They all had different powers. For Hayden, Ouraneon, the god of massacre which was inside him, gave him the ability to call up and control fire. There were other differences as well. Each god favored a color, so every Warrior transformed to that color when he released his god.
Yet, for all their differences, there was a great deal they had in common, like strength, speed, enhanced senses, as well as deadly claws and sharp fangs. The most disturbing, though, was that their eyes changed to the same color as their god.
It had taken Hayden a long time to get used to that. He hadn’t seen his own eyes, but he could imagine how he looked when the whites of his eyes disappeared and his entire eye turned red.
As much as Hayden had rebelled and fought the god within him, that same god allowed him to defeat Deirdre. With Deirdre dead and his family massacred by a drough sent by Deirdre, there was nothing in this world for Hayden to do.
For so many years he had roamed Scotland, watching the world change around him while he hunted droughs. Deirdre had taunted him that she had sent a drough to kill his family as she tortured him day after day. So he fought against Deirdre while seeking his vengeance on the droughs.
Now there was no place for him in this new world. There was no place for him anywhere.
He continued his wandering of the mountain, looking for anyone who might still be alive, as he thought of what his next move might be. He had stayed in Scotland because of Deirdre and his revenge, but maybe he would travel and see the different countries others spoke about.
Hayden leaned against a boulder and raked his hand through his damp hair. The snowfall had begun to grow more dense, the flakes thicker and heavier, but it didn’t hamper his superior eyesight. They stuck to his eyelashes and covered everything in a blinding white blanket.
Hours went by with Hayden locating nothing but more dead. The fact they were most likely Druids only made the findings more difficult to bear. Druids might have magic, but they were susceptible to the elements as any human was, and thanks to Deirdre’s affinity for killing them, the Druids were becoming more and more scarce.
A shout from Fallon let Hayden know it was time to return to MacLeod Castle. As Hayden began to turn away something caught his eye.
He paused and narrowed his gaze when a gust of wind lifted a lock of long, black hair in the snow. Though Hayden knew the woman was most likely dead, he hurried to her anyway, hopeful he would leave the mountain with at least one alive. He spotted the pool of bright red blood in the snow that gave him hope she was still alive.
“Fallon,” he barked while scraping away the flurries and ice from around the small, much too slim body.
The woman was lying on her stomach, an arm bent with her hand near her face and matted ebony hair obscuring her features. Her fingers were slim as they dug into the snow as if she had tried to crawl away.
Hayden could only imagine the pain she had been put through, the heartache Deirdre had given her. He held his breath as he put a finger beneath her nose and felt a soft stirring of air.
At least they would leave the cursed mountain with one life. He reached for her and paused again. He didn’t want to hurt her, but it had been so long since he had been gentle, he wasn’t sure he knew how. All he knew was battle and death.
Maybe he should allow Fallon care for her. But as soon as the thought went through his mind, Hayden rejected it. He found her, he would see to her. He didn’t know why, he just knew that it was important to him.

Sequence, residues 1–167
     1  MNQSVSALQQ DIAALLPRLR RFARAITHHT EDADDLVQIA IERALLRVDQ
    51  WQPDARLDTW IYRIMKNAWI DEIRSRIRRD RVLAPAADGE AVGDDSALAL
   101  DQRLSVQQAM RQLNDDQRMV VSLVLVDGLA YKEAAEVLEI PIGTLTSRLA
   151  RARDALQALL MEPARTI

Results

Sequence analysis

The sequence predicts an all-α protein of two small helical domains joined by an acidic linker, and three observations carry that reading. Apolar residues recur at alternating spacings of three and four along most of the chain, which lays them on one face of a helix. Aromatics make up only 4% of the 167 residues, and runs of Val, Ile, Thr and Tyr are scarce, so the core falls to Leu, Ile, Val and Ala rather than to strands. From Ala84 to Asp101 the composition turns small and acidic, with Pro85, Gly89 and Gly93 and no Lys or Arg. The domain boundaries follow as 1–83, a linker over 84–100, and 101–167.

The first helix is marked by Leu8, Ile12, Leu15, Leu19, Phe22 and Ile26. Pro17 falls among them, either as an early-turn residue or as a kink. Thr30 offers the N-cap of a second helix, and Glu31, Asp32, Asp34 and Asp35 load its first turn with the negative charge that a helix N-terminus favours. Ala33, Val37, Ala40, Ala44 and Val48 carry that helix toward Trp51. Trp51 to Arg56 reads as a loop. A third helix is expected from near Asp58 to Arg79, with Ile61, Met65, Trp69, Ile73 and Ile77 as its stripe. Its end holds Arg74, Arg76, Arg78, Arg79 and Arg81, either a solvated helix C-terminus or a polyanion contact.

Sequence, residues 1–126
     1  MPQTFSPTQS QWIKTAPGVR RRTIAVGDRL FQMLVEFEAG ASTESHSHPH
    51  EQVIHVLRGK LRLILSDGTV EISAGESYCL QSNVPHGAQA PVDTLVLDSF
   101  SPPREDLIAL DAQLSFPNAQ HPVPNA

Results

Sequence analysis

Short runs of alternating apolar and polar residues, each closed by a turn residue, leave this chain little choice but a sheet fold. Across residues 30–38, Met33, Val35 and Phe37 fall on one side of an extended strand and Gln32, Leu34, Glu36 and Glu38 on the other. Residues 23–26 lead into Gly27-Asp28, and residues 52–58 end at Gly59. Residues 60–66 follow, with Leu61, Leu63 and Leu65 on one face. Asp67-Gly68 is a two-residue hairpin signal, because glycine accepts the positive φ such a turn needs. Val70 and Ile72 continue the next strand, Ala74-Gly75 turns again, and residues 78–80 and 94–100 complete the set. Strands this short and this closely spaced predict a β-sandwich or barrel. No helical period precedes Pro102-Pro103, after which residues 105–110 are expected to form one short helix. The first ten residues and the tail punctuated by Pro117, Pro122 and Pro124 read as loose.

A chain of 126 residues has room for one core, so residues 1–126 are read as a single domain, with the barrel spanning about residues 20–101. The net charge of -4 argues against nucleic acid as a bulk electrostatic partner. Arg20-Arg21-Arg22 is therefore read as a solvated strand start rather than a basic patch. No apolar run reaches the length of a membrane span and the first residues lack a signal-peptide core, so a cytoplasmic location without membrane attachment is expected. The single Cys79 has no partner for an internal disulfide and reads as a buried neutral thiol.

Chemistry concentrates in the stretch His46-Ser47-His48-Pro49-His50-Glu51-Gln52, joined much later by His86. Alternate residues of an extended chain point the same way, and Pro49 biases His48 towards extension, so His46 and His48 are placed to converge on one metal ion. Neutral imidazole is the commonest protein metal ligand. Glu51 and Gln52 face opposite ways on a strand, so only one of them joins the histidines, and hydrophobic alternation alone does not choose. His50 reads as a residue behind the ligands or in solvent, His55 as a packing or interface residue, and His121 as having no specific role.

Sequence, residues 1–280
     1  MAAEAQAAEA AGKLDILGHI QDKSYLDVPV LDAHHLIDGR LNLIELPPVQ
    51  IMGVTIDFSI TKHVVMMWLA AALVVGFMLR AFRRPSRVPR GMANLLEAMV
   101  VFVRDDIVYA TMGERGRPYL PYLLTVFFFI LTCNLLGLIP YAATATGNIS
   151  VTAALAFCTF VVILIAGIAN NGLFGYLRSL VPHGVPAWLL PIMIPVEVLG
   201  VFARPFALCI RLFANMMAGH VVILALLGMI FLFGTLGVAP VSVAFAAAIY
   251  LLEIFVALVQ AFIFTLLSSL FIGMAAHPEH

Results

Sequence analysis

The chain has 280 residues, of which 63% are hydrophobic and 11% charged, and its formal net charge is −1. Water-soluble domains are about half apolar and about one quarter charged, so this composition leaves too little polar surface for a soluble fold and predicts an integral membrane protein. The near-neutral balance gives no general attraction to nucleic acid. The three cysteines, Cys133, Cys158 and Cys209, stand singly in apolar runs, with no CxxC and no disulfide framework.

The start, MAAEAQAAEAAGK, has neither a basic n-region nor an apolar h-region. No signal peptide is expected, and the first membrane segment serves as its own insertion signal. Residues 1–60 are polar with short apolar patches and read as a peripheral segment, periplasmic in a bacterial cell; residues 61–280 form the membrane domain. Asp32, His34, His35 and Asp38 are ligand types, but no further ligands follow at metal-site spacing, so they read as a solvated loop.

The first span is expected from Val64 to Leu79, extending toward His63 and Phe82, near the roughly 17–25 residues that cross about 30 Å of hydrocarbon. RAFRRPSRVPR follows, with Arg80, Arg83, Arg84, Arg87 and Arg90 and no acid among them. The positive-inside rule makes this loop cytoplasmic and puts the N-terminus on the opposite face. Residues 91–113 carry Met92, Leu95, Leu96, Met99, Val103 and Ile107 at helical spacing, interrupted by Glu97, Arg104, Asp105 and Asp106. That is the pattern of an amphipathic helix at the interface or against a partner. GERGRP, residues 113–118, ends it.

Hayden blew out a breath and slowly, firmly placed his hands on the woman’s body before he tenderly turned her over. Her arm fell to the side, lifeless and still. Disquiet settled in his gut like a stone.
He shifted so that he leaned over her, shielding her from the onslaught of snow. Once he had her in his arms, Hayden brushed the hair from her face to see her incredibly long black lashes spiked with frozen snow.
He felt something shift inside him when he saw her face was pale as death, but even beneath the scratches, dried blood, and ice he could see her beauty, her timeless allure.
She had high cheekbones and a small, pert nose. Her brows were as black as the midnight sky and arched over her eyes. Her lips were full, sensual, and her neck long and lean.
But it was her cream-colored skin, so flawless and perfect, that made him reach out and stroke her cheek with the back of his finger.
A shock of something primitive and urgent went through his body like a bolt of lightning. He couldn’t take his eyes from her, couldn’t stop touching her.
Her body struggled for breath, struggled for life, proving she was a fighter. Even with the elements taking the breath from her one heartbeat at a time, she didn’t give up.
Something inside him broke at that moment. He hadn’t been able to save his family or the many Druids on Cairn Toul, but he would save this woman, whoever she was.
A feeling of protectiveness wound through him. It had been so long since he’d felt protective of anyone or anything that he almost hadn’t recognized the emotion. Now that he did, however, it grew stronger the longer he held her in his arms.
He would make sure she survived. He would ensure she was protected at all times. It wouldn’t make up for the lives of his family or the Druids, but he had to do it.
Hayden found himself wishing she’d open her eyes so he could see them. He wanted to give his oath to her right then, for her to know he would fight with her. Instead, she lay unconscious in his arms.
His vow would have to wait, but nothing could stop him from pledging himself to her.
“Does she live?” Fallon asked.
Hayden glanced up, startled to find Fallon near when he hadn’t heard him approach. That wasn’t like Hayden, but then again, he had never held such a lovely woman in his arms before, especially one who needed him as she did. “Just. She’s bleeding badly, though I cannot tell where she is wounded.”
“Judging by the blood on your hand, I would say somewhere on her back.”
Hayden looked at the hand holding her and grimaced. He doubted they had much time to save her. For the first time in … ages … the need to defend, to shield someone consumed him, drove him. “She’s shivering.”
“Then let’s get her out of here,” Fallon said.
Hayden lifted her small frame in his arms. She was light, but through her clothes he could feel the sumptuous curves that proclaimed her a woman. He gave a nod to Fallon and waited. Fallon laid his hand on Hayden’s arm, and in a blink they were standing in the great hall of MacLeod Castle.